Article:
Hallowe’en 2004

I made sure we got the bags of candy that included Skittles in case, you know, there’s leftover candy. I’m glad I siphoned off a few for my own continued research purposes because this was the first Hallowe’en since, like, forever, that we ran out of candy.

My oldest was dressed in a cat costume, complete with pink makeup on her nose and drawn-on whiskers, while my youngest was a self-made fairy. Her costume morphed with each warm-up party during the week, but she was adorable with the headpiece and clip-on fairy wings.

Before sending them off with their mom, we did a practice run so the youngest would assert herself and say the magic phrase that pays followed by a “thank you.” They learned quickly. I held down the fort while they canvassed the neighborhood.

This year, the kids came in waves. The first time the doorbell rang, there were no fewer than a dozen “people of shortness” jockeying for position. Their enthusiasm crescendoed to a soccer-game frenzy when I started doling out candy. A few had surged into my house as if they thought I was holding out on the Wonka bars. I said something and their parents, who had been standing on the sidewalk gabbing, snapped to attention and reigned them in. It is encouraging that parents are reminding their kids to use good manners.

The second through fifth waves were smaller, but I was soon running out of candy. I rationed it down to two pieces, finding it was better if I chose what to hand them than the other way around. My kids returned for another practice run, eliciting a mock “You kids, again?!” in front of a woman who seemed initially horrified until she realized I was kidding with my own kids.

The kids wanted to reap the reward of their efforts. I inspected candy, removing any jawbreakers or Hot Tamales (which I’m quite fond of, but they’d hate). The kids hung around the door, eagerly doling out candy to whomever came in. They made the classic mistake of letting the other kids reach into the bowl and select what they wanted. With only a dozen pieces left and no visible hordes of kids, we shut things down at 7:45 p.m.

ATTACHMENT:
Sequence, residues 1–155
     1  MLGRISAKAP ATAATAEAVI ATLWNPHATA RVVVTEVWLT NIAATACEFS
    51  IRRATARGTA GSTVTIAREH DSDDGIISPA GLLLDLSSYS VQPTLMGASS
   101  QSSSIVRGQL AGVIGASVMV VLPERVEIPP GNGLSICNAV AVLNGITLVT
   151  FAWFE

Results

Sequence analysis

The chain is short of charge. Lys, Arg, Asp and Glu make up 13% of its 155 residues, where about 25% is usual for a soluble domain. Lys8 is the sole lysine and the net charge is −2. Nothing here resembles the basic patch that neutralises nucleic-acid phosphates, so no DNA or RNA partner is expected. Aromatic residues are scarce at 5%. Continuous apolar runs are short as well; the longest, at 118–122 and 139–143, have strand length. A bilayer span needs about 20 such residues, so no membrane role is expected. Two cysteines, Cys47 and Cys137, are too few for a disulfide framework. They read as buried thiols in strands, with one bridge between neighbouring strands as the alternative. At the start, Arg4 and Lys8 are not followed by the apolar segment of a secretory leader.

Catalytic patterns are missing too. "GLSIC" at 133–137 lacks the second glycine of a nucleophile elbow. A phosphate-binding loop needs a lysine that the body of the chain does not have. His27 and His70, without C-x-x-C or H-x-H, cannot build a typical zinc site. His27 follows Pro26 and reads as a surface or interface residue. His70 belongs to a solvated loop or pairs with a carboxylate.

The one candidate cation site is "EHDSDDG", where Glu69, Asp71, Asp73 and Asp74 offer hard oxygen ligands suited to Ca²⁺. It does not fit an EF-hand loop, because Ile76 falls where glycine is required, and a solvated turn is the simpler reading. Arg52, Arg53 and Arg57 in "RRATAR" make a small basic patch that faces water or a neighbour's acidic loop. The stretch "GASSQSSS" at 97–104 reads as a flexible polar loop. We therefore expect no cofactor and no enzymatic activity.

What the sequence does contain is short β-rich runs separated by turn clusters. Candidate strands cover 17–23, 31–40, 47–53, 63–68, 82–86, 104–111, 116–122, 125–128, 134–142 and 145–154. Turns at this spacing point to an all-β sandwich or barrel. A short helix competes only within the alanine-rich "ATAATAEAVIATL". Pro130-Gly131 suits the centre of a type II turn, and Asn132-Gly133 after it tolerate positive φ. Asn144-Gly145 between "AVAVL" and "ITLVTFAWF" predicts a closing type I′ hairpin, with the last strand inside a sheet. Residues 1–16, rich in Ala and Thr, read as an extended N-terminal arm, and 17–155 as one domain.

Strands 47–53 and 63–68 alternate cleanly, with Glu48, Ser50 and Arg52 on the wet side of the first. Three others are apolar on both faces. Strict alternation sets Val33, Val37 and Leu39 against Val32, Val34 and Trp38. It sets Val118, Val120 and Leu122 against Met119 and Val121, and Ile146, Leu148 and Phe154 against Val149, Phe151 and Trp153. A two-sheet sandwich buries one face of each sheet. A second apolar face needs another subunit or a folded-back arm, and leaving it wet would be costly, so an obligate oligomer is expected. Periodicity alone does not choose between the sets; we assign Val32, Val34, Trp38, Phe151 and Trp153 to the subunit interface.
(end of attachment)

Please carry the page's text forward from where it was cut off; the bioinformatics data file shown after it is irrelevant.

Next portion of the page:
The grand total was at least 50 kids dressed in conventional ways:
cartoon characters, witches, ghosts, faeries, cheerleaders and animals. Thankfully, none were dressed up as the political candidates. I’m also glad our subdivision prohibits political signs of any kind because the election’s become so contentious.

Speaking of the election, the Votemaster
revealed his identity today and it’s noneother than Andrew Tanenbaum.

This would be a good opportunity to check up on Susan’s lattice afghan project or Debbie’s cool pumpkin. It’s okay, really.

Dr. Tanenbaum is a well-reknowned researcher in the fields of distributed systems and parallel computing — even back in the dark ages when I was in college. His Operating Systems books were required reading for computer engineering students. One of his other claims to fame was writing Minux, a free, well-documented UNIX clone with source code. I ran this on my Amiga 1000 Frankenbox (hacked to have 1,024k internal memory and a SCSI hard disk — w00t).

1 thought on “Hallowe’en 2004”

  1. Testing, testing, testing… The last couple of comments I made here never made it ‘live’. I have nothing profound to say this time except I love the publicity and being paired with Debbie!

    But, mainly I wanted to see if I could make the comment work in preparation for the day when I have something really important to add…

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